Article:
Bombardier has won a $5.6bn (£3.84bn) order for its C Series passenger planes from American airline Delta.
It has placed a firm order for 75 of the aircraft, with an option for 50 more.
Bombardier described the deal as a “watershed moment”, after orders had stalled for two years.
Wings for the aircraft are manufactured in Belfast. In February, the firm announced 1,080 job losses at its five Northern Ireland plants.
It said cost over-runs and delays to the C Series project were a major factor.
Earlier this month, the firm adjusted its job cuts programme in Belfast, announcing a greater number of redundancies in 2016.
The latest order is the largest in the history of the Canadian-owned aerospace firm.
Confirmation of the Delta order will lift two years plus of gloom surrounding the C Series.
This is a symbolic win over Boeing and Airbus.
It will provide a much-needed fillip for the project and help steady the Bombardier business.
Unions in Belfast will ask what it means for jobs.
Bombardier has already begun trimming its local workforce by a planned 630 this year.
Unless anything changes, there would be a further 450 redundancies in 2017.
No clarity is likely on that in the immediate future.
But workers will be heaving a sigh of relief at the news – boosting morale as well as company finances.
Alain Bellemare, chief-executive officer of Bombardier, said the news of a new order of C Series planes showed the company’s “turnaround plan” was gaining traction.
“Our decisive actions to improve our operations and business model across all our businesses are starting to pay off.”
Michael Ryan, vice-president and general manager at Bombardier Belfast, said: “We’re delighted that another customer has placed such a significant order for the C Series aircraft.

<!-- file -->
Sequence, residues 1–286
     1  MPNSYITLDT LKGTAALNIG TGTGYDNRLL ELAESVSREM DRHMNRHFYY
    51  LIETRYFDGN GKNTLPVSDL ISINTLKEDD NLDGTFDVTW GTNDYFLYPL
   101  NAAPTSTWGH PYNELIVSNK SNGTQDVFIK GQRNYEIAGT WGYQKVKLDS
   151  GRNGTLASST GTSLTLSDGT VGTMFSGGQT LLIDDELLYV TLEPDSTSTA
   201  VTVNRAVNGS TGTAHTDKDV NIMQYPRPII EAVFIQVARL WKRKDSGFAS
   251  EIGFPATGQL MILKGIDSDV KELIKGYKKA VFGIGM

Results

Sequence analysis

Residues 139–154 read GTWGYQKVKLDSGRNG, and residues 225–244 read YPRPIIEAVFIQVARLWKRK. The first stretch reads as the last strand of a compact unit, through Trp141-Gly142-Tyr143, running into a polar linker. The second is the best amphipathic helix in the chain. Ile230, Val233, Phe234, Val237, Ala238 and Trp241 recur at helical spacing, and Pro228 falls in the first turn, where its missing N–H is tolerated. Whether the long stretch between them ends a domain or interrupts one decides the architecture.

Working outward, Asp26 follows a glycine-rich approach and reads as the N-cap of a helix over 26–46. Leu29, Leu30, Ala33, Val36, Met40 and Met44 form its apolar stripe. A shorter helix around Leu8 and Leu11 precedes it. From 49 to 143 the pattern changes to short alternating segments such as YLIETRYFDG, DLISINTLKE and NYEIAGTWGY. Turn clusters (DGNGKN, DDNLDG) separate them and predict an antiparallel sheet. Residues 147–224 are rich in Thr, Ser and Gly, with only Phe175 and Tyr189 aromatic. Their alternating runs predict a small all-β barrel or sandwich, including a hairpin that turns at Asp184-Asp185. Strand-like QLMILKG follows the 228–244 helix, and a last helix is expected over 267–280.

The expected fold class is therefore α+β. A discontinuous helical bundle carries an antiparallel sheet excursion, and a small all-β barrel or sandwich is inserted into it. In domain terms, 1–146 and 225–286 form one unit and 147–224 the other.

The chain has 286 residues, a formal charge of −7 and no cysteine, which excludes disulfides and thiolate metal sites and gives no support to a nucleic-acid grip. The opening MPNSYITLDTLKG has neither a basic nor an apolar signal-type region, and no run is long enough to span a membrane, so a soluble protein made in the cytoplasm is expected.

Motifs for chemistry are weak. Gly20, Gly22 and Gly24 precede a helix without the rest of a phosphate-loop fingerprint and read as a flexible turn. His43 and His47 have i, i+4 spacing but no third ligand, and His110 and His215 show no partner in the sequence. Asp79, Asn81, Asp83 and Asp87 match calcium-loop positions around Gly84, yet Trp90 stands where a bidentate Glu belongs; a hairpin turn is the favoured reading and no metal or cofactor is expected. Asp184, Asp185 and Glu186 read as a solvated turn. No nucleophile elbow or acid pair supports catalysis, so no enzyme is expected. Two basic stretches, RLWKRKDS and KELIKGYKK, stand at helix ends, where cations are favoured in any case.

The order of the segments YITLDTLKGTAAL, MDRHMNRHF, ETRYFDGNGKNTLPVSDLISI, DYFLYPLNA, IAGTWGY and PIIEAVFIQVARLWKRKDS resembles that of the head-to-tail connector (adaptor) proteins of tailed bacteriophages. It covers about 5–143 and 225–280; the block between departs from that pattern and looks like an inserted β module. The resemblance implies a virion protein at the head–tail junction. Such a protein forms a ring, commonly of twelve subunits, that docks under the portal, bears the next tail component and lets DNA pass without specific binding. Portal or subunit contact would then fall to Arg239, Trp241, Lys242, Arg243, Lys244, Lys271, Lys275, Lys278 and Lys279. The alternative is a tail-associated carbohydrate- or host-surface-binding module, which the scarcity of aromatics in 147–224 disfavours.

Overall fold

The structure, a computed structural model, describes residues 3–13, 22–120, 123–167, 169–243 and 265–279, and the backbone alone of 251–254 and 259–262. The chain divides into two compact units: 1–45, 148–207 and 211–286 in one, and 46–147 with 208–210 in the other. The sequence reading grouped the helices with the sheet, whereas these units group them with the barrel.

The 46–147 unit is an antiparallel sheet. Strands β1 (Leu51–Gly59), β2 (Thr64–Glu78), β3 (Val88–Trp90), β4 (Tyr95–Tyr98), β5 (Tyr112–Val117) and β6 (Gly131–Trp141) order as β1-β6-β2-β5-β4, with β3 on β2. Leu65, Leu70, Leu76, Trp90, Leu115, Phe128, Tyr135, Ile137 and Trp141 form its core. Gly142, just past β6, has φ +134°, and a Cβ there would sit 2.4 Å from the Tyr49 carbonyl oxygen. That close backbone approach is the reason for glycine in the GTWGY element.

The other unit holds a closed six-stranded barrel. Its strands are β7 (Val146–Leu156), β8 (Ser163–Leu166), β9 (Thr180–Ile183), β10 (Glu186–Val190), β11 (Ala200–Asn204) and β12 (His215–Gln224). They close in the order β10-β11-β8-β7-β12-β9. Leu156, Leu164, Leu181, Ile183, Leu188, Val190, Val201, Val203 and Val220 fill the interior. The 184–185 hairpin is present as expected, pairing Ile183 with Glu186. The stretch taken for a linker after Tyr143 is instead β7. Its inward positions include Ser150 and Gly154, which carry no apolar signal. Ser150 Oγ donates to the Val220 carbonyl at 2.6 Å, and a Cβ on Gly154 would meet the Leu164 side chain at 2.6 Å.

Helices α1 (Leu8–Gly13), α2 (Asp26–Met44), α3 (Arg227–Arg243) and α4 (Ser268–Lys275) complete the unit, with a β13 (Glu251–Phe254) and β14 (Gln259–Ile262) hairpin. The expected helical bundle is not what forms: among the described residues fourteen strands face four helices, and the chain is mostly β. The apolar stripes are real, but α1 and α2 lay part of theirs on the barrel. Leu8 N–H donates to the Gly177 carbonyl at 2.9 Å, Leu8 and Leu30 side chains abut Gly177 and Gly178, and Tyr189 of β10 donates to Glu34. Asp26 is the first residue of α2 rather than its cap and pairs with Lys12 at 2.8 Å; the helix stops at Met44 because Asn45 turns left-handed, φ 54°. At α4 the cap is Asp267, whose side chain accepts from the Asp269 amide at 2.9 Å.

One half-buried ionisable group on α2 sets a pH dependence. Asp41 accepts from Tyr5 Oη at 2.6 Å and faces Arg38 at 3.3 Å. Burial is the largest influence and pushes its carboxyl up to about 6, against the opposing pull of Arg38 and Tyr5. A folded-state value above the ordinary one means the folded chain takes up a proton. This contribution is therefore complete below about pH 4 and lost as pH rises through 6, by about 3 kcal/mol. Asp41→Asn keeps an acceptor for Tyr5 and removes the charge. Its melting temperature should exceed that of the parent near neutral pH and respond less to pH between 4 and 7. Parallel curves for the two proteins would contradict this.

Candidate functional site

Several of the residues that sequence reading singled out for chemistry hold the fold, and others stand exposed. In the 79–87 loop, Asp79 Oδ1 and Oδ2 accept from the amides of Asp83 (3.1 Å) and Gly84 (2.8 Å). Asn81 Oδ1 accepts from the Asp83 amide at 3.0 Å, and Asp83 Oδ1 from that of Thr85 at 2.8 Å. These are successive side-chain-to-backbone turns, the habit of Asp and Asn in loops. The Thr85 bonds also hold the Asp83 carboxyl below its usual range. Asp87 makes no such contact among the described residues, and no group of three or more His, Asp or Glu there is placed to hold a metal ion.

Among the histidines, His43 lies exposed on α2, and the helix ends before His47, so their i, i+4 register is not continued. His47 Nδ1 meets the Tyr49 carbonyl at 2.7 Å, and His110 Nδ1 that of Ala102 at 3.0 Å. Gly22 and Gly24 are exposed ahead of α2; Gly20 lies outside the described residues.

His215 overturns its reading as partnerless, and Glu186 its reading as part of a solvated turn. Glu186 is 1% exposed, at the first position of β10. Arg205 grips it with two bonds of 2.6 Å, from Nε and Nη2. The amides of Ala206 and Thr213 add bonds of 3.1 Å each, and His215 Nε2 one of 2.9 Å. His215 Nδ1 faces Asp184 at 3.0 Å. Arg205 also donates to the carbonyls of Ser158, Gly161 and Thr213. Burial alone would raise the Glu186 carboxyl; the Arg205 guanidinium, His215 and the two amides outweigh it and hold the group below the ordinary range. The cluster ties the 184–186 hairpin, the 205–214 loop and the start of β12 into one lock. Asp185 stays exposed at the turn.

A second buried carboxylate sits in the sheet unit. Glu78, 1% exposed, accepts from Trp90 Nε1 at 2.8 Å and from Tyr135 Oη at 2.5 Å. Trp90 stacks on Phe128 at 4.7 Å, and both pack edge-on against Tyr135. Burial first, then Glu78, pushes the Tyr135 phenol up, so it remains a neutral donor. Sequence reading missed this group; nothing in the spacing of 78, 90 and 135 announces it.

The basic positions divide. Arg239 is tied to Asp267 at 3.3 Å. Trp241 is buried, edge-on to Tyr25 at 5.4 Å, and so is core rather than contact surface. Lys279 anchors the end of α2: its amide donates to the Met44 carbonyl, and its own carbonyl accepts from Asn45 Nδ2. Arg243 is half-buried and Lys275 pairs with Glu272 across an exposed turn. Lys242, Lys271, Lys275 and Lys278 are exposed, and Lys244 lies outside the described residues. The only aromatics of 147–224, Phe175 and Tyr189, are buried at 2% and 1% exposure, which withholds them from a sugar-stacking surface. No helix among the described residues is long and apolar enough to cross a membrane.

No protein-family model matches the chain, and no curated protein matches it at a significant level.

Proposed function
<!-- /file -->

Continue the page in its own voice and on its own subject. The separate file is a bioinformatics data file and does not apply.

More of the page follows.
“This is a further endorsement of the aircraft’s excellent operating economics and environmental credentials, to which we in Belfast are contributing with the production of the advanced composite wings.”
Initially, Delta is taking the smaller CS100 model of the plane.
The company has been under severe financial pressure as cost overruns on its new C Series jet have drained cash out of the company.
The C Series programme received $1bn (almost £700m) from the provincial government in Quebec last year.
The firm has also been hit by a downturn in the business jet market.
Bombardier is the largest manufacturing employer in Northern Ireland and supports hundreds more jobs through its supply chains.
More than half of the jobs being cut this year come from the firm’s “complementary labour force”.
That part of the workforce is made up of temporary and contract workers and tends to fluctuate depending on demand.
Late last year the Northern Ireland workforce was asked to accept pay cuts and other changes to terms and conditions with the firm saying it was “in serious financial crisis”.
However the proposal was overwhelmingly rejected in a ballot of union members.